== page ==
Were you a bully in high school? No job for you!

Some kids are anxious because they're worry that a bully is waiting for them in the bathroom or after class. In the classroom, anxiety can look a lot like ADHD. iStockPhoto

(MoneyWatch) COMMENTARY: Allow me to be a bit personal here. In 8th grade I became the victim of choice for the popular kids at my school. In addition to being harassed and teased at school, when the home phone would ring it was often one of my tormenters.

After 8th grade, my family moved 5 hours away. While the bullies didn't physically follow me, my 9th grade year began with repeated phone calls from this group of high schoolers. After a month (presumably when moms and dads started getting the long distance phone bill from their little darlings' bullying behavior) the phone calls stopped and I was finally free from those nightmarish teenagers.

Four years later, in my freshman year of college, I was walking up the steps to go to a class when another freshman girl stopped me. "Excuse me, are you Suzanne McConkie?"

Puzzled, as I didn't recognize her, I responded, "Yes."

"I'm Darleen Jones,*" she said and my heart nearly stopped beating and I felt sick to my stomach. Darleen was one of the ringleaders of my group of tormenters. She was the absolute last person I wanted to see ever again. But she continued, "I just wanted to apologize for how I treated you. It was inexcusable. I'm really sorry."

What does this have to do with employment and your career? A new initiative called BULLYcheck in Australia requires casinos ("clubs") to contact a candidate's high school if the candidate is 22 or younger. The high school is then to label this candidate a bully if the person participated "either at school or online in social media, in bullying, stalking or harassment of a repeat, systemic or serious nature."

Social media didn't exist in the time Darleen and her friends were tormenting me, but it certainly was bullying and harassment and it was repeated and systematic. Should Darleen, who was genuinely remorseful for the behavior she committed at 13-14 years old, have been prevented from holding a job? What good purpose would that serve?

Employers should check references and teachers are often good sources for references from newly minted graduates, but I'm sure if I spoke with Darleen's teacher from her senior English class I'd get a very different perspective then what a BULLYcheck report would turn up. Shouldn't the more recent reference count? And what about when Darlene is 21? Should behavior from 7 years prior even be brought up? The developmental difference between a 14 year old and a 21 year old is vast.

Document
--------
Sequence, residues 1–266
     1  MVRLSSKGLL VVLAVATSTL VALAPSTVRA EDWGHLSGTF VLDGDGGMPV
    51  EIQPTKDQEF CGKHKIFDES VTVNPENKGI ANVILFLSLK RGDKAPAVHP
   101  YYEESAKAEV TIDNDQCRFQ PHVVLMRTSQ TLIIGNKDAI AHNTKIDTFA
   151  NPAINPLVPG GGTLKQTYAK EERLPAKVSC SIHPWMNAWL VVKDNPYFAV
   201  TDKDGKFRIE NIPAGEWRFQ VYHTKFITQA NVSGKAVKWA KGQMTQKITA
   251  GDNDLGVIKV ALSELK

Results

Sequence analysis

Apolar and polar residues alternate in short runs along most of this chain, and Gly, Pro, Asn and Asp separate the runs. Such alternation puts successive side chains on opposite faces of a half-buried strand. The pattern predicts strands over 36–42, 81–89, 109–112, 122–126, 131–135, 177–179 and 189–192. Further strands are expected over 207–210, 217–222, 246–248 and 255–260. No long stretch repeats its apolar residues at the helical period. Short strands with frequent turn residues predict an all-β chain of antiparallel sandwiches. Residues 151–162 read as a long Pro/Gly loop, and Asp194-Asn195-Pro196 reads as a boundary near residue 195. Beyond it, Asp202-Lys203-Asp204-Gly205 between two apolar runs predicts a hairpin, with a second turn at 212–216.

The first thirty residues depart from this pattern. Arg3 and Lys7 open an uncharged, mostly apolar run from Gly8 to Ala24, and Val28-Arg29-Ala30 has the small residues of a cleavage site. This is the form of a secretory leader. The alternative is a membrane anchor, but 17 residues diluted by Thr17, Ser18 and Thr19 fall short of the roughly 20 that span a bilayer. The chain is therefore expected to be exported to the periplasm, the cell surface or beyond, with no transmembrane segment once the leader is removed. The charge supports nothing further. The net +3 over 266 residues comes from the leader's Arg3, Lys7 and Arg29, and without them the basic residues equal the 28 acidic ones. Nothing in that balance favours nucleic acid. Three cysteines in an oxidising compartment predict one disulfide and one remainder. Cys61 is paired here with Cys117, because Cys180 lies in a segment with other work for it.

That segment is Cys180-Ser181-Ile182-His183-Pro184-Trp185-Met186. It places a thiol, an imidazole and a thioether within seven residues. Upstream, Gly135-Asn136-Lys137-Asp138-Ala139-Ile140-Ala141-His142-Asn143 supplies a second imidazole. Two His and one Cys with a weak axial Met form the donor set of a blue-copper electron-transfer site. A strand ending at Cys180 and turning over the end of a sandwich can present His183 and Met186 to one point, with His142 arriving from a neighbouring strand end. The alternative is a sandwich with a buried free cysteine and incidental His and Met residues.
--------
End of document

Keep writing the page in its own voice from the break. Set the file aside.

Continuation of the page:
The local newspaper reported:

Secondary Principals' Council president Chris Cawsey said the council favoured the program because employers were making a stand about the kind of people they wanted working for them. "Research has shown children who are locked into aggressive behaviour become isolated and at risk as adults,'' Ms Cawsey said.

So, the best thing to do is take a kid that was a problem causer in high school and isolate him further as an adult, right? Because what problem will that solve? But never fear, they reassure us that children who have changed will not be branded as bullies.

Then why are we going back 8 years? Who cares what you did when you were 14, 15 or 17. This is just another ridiculous attempt to blame bullies with the idea that if we can just punish enough the problem will go away. 15 year olds don't think about what job they will want when they are 22. A delayed punishment won't fix the problem now.

As Free Range Kid founder and advocate, Lenore Skenazy says:

Worst of all is the treating bullying that never rose to the level of a crime as if it did. It is giving perception and hearsay legal weight, the same as if the job applicant had been convicted of forgery or embezzlement. And in this era of heightened bully fears, MY fear is that we will start defining it downward, and someday someone will be denied a job for calling his friend a doody-head.

Let's hope that this bad idea doesn't move north to the U.S. The EEOC wants employers to limit use of actual criminal convictions, so I hope they'd balk at using high school records to prohibit employment at work. Let's not look at school age bullying either. If a recent reference says the person is a problem, don't hire. If you hire someone who turns out to be a jerk, fire quickly. But, let's acknowledge that part of growing up is figuring out appropriate behavior and not hold teenage mistakes over adult heads.

*Name has been changed.

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